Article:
It seems to the casual observer that we are currently in the midst of a “sports epidemic”. No matter where you turn, it is sport of one kind or another that grabs the headlines.
Consider the evidence; at the time of writing we are in the midst of cricket test series with Sri Lanka, the annual outbreak of Wimbledon fever is beginning to gather momentum, our Rugby team is battling it out with the All Blacks, Ascot has just finished, The British Open will shortly begin, and don’t get me started about a little thing called the World Cup which for me has rapidly lost its appeal following the early exit of England.
Yup! The normal rhythm of both college and domestic life has currently been set aside in homage to sport. But wait…..maybe there is a lesson for all of us, as perhaps the skills learnt in the pursuit of triumph in sport are not so dissimilar to those required for a successful business career. Just maybe some of the skills learnt are very transferable indeed.
A typical sportsman requires drive and competitive edge, a will to win and an ability to overcome adversity. After all, are persistence and determination not the hallmarks of a successful salesman as well as a typical sporting hero?
If you look at the examples of many successful businessmen you will often find that they have encountered many setbacks and failures before finally hitting form and securing fame and fortune. Take for example the story of James Dyson who initially was ridiculed for his idea on how to revolutionise the humble task of hovering the carpet. His is a story that echoes the eventual sporting triumph of Dick Fosby who ultimately achieved legendary status as the inventor of the “Fosby flop” high jump style. Like James Dyson he endured scorn and humiliation before the technique was proven to be a gigantic (no pun intended) leap forward.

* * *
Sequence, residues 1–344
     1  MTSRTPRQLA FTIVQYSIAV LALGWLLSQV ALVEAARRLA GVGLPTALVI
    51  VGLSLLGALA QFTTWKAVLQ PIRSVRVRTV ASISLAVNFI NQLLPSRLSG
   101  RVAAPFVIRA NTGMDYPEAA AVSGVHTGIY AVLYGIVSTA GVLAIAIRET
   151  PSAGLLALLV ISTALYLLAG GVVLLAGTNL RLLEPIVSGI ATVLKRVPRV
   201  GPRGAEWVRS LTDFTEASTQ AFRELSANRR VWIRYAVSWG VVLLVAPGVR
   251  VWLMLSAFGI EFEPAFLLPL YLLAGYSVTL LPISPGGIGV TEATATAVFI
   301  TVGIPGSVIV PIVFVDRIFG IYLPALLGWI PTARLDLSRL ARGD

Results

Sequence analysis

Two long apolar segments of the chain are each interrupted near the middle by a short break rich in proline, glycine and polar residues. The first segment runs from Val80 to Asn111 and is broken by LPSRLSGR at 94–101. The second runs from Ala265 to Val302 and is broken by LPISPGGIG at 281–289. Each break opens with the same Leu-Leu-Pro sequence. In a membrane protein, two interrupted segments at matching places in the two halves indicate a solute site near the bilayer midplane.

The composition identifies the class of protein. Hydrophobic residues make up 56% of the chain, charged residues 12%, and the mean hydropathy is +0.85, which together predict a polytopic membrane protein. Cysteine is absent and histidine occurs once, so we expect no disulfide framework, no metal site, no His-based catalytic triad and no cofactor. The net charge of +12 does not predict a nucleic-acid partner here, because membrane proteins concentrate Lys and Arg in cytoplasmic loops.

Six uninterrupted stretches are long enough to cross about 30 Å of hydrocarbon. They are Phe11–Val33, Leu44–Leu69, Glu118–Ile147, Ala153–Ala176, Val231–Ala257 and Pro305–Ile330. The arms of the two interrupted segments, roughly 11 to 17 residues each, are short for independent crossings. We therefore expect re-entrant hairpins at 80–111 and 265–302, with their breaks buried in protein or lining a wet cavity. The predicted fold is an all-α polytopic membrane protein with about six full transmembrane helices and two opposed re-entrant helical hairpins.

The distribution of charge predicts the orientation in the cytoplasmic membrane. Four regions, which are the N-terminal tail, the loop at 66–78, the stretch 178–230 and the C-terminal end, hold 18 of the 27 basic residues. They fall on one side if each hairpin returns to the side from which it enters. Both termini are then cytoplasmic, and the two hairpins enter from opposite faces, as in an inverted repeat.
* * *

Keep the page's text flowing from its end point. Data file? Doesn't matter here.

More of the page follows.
Learning to cope with failure is an important lesson in life which we must all learn. It is an important attribute which as a Graduate Recruiter I noted was often sadly lacking in some new hires. Up to that point in their lives it appeared they had only enjoyed academic success. Did they not realise the tide of life was bound to turn at some point? For some it came as quite a shock.
I’ve no doubt that the current tsunami of sporting events will subside …. It always does. However, the lesson to be learnt by us all will remain. It is this; if you are looking for a way to enhance new employability skills that will help you in your career, then you could do a lot worse than take up sport.
Anyone fancy a game of tennis?